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Charity renews calls to ban snares ahead of Glorious Twelfth

Released to press on 29 July 2015

71 per cent of SnareWatch reports in 2015 involve non-target species

Charity renews calls to ban snares ahead of Glorious Twelfth

Animal welfare charity OneKind has revealed that 71 per cent of all reports made so far this year to its SnareWatch website have involved non-target species. The website records information on snaring which is reported by members of the public.

Spokesperson Louise Robertson said: “The vast majority of reports to SnareWatch involve animals which are not the intended victim of a snare with the predominant species being cats and badgers. This grim illustration shows quite how indiscriminate snares are and highlights the scale of the problem with their continued use.”

Edinburgh based charity OneKind runs the dedicated snaring website,, to allow members of the public to report snare sightings throughout the UK. Since the start of the year, the reports received have shown predominance towards animals which aren’t the intended species, with a high number of reports involving domestic pets.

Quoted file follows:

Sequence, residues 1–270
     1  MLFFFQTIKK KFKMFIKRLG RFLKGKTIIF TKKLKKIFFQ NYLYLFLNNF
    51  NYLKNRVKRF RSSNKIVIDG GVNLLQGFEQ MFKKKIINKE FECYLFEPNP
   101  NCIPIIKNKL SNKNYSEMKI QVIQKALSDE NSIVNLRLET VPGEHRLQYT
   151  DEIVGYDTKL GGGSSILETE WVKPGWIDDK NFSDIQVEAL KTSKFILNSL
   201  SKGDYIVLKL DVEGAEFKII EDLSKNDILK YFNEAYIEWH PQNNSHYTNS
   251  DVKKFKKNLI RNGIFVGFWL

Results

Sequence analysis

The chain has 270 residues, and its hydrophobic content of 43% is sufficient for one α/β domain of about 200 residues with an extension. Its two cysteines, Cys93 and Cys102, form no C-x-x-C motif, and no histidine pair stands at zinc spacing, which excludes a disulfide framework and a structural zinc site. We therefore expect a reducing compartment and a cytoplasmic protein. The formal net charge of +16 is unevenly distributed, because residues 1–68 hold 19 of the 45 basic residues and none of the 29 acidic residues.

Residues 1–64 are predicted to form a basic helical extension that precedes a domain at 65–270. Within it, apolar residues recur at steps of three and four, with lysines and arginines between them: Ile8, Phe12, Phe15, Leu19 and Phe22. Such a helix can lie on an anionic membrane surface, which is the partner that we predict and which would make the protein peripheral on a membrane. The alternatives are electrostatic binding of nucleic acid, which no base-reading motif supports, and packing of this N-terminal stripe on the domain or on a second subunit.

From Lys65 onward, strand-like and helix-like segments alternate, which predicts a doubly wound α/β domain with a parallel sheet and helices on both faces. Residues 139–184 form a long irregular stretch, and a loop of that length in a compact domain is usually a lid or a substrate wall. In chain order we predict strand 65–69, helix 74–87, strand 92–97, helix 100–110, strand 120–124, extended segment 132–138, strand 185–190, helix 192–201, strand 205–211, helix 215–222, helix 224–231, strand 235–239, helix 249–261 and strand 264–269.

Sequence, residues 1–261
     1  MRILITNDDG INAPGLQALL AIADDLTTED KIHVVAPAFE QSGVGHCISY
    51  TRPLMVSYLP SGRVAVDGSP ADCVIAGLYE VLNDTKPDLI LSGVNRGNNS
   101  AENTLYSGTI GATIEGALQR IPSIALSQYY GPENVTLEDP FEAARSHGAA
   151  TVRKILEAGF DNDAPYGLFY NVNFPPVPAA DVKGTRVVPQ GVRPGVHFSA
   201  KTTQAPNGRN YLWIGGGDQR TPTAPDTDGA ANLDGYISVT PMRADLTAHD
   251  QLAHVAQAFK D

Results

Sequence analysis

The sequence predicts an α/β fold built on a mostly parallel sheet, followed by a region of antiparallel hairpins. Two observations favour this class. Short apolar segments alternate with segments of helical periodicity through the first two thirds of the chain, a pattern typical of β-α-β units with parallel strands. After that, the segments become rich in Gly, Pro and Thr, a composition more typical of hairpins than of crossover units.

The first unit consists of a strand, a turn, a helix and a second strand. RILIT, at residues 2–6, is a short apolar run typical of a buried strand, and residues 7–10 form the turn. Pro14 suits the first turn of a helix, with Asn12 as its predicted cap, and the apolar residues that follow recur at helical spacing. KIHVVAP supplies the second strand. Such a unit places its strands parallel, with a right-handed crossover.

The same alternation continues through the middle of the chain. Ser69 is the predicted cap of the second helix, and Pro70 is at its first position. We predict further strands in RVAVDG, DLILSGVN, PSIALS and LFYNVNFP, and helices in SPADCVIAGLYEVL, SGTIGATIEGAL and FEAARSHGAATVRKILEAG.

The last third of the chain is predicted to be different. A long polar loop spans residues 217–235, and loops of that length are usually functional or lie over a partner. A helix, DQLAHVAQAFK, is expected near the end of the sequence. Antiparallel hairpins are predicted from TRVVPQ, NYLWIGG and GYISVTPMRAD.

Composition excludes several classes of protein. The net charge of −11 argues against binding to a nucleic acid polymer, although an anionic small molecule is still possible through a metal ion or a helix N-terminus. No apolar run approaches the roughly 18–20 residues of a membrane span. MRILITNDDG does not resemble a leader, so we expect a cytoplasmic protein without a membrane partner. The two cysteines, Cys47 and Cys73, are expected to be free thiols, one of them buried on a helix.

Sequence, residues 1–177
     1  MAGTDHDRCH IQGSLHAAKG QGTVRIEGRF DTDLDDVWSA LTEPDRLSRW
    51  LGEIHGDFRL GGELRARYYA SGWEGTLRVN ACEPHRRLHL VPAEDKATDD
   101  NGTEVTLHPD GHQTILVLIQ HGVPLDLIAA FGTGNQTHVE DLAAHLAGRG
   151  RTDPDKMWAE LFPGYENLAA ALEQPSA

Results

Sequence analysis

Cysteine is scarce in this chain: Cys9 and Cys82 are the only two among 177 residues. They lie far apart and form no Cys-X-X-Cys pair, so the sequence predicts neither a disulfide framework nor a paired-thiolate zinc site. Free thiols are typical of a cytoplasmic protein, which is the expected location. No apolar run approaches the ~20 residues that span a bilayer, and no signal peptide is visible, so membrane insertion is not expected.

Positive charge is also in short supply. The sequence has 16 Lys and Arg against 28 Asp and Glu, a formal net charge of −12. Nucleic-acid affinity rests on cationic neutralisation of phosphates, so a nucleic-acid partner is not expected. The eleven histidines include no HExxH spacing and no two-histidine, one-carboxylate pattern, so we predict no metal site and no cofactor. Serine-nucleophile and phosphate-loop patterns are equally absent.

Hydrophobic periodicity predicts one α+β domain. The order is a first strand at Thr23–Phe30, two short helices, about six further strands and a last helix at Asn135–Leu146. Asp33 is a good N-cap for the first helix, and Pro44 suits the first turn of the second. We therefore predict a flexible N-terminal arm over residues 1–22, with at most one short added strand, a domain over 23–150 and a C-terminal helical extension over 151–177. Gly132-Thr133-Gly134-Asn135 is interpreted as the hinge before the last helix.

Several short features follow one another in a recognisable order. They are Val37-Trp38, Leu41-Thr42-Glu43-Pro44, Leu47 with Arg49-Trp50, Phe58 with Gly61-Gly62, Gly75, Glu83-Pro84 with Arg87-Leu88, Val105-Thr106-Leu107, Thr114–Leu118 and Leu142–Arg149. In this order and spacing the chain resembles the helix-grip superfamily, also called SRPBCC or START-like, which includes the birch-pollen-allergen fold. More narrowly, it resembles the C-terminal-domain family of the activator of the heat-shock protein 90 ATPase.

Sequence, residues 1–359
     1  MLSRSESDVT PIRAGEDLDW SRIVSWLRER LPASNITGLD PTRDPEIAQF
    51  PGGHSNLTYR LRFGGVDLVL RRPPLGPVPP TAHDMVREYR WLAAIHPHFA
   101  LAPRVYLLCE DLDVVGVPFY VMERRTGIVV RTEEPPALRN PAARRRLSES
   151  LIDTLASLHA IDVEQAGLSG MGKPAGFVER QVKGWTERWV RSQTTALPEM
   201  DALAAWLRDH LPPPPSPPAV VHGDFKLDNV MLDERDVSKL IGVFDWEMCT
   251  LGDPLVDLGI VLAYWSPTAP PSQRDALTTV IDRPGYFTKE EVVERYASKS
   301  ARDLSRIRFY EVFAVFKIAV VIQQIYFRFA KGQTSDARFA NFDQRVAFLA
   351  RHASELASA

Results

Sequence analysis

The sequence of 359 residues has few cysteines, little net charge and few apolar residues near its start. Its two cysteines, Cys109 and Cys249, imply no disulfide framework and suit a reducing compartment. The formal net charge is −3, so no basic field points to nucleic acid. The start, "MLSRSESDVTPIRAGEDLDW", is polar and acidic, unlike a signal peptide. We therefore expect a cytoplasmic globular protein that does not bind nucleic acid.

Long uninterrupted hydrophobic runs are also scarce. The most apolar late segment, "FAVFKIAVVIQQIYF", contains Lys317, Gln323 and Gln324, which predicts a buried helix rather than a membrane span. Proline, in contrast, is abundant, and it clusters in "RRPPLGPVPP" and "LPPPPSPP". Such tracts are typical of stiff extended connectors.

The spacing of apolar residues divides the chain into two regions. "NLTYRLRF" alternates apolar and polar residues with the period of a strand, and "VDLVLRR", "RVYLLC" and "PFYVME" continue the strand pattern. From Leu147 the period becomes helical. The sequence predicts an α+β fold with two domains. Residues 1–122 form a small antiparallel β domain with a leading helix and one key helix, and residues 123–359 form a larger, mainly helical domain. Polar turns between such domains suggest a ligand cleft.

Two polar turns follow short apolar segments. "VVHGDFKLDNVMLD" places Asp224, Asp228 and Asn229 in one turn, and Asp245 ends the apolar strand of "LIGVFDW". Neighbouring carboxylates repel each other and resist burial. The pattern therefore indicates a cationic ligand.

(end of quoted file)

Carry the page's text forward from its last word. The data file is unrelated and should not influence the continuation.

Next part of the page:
The charity is renewing its calls for a ban on the traps which it describes as ‘primitive’ and ‘unnecessary’ ahead of the Glorious twelfth - the start of the grouse shooting season. The shooting industry relies heavily on snares to protect stocks of game birds yielded for commercial shooting.  Louise Robertson added: “OneKind has long campaigned for snares to be made illegal and it’s utterly demoralising to see report after report come in through SnareWatch giving horrific details of animals which have suffered as a result of these primitive and unnecessary traps.

“Despite a tightening of regulations in Scotland the suffering still continues and will keep doing so until snaring is finally banned.”

Provisions were made in the Wildlife and Natural Environment (Scotland) Act 2011 for a review of snaring regulations in December 2016.


Notes to editor:

  1. OneKind is a UK-wide animal protection charity based in Scotland working to end animal suffering through campaigns, research and education.
  2. Since January 2015 OneKind has received 21 reports to SnareWatch of which 15 involved non-target species including dogs, cats and badgers.

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